Casa de Lou Kau

inside the roomCasa de Lou Kau, a two-storey grey brick house, is one of the very few Xiguan-style mansions still standing in Macau, and a prime example of the mixed Chinese and Western architectural styles unique to Macau. The location of this grand old house depicts the diverse social profile present in the centre of the old “Christian City”, where this traditional Chinese residence locate on one of the alleys close to the Senate Square.

Built in 1889, Casa de Lou Kau was the home of Lou Kau, a prominent Chinese merchant who owned several imposing properties in the city. Although Casa de Lou Kau is a typical Chinese house, the ornamentation shows that elements of Western design are incorporated. The oyster shell windows, hanging scrolls, plaster molding and brick carvings are commonly found in the central Guangdong Province. The façade has a recessed entrance which creates an overhanging eave to provide shelter during bad weather while at the same time protects the relief frieze decorations from the elements. This design is common in the houses from the Lingnan region. While false ceilings, stained glass Manzhou windows and cast iron railings similar to those on Macau's churches, are Western characteristics.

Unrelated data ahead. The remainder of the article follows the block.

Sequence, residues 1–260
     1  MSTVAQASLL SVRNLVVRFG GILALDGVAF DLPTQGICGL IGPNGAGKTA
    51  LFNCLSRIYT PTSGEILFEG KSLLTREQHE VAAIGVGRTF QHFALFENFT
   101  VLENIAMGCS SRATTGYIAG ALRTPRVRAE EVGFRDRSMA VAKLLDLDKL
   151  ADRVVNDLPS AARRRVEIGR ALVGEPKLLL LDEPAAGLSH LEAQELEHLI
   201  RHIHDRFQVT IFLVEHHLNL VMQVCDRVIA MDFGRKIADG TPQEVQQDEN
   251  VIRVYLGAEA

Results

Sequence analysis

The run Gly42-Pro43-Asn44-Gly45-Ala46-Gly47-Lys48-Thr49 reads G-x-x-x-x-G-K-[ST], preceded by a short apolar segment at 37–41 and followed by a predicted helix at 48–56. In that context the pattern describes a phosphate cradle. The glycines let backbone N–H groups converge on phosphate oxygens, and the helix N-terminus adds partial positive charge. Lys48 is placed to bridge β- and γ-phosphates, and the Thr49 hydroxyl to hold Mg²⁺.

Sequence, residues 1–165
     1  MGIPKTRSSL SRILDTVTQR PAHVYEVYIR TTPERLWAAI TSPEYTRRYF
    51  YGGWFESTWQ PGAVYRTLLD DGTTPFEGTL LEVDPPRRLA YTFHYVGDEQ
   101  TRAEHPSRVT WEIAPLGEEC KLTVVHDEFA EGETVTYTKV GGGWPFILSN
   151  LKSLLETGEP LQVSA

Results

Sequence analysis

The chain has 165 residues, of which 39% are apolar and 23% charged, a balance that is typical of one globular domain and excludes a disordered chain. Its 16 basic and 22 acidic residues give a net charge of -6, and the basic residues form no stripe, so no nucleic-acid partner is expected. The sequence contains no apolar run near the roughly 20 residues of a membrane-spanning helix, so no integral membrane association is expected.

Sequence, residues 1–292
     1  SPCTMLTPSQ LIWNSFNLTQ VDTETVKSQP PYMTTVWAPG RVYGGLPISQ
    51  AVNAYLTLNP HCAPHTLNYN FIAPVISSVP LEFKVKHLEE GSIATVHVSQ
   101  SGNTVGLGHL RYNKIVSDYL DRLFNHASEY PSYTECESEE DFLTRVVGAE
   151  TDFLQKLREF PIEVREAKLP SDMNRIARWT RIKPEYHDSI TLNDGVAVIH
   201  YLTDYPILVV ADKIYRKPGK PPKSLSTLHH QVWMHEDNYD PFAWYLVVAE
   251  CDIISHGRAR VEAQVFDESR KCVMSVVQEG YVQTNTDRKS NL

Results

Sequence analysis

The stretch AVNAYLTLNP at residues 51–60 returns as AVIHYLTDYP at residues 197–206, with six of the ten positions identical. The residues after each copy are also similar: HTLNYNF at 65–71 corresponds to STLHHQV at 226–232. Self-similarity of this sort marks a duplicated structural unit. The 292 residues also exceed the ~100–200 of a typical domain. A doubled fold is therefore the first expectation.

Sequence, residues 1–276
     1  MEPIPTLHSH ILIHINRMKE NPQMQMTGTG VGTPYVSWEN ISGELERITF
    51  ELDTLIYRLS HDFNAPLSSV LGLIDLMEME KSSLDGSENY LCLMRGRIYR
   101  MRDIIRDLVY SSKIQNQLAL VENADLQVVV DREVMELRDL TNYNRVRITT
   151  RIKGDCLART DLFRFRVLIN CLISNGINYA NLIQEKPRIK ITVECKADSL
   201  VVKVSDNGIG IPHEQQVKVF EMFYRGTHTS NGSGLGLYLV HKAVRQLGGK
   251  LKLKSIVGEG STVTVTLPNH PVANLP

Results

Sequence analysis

The house has a symmetric arrangement, organized in a three-by-three grid of spaces. The two courtyards in the central axis separate the three main halls, namely the Entrance Hall, the Tea Hall and the Senior Hall on ground level. This spatial arrangement demonstrates the hierarchical structure of Chinese families where the spaces further inside the house are reserved for senior members, and are more private, away from the view of guests. Despite the fact a lot of time and money was spent on workmanship, the Casa de Lou Kau actually fell into disrepair in the 1970s with up to 20 families living in it at one point in time.

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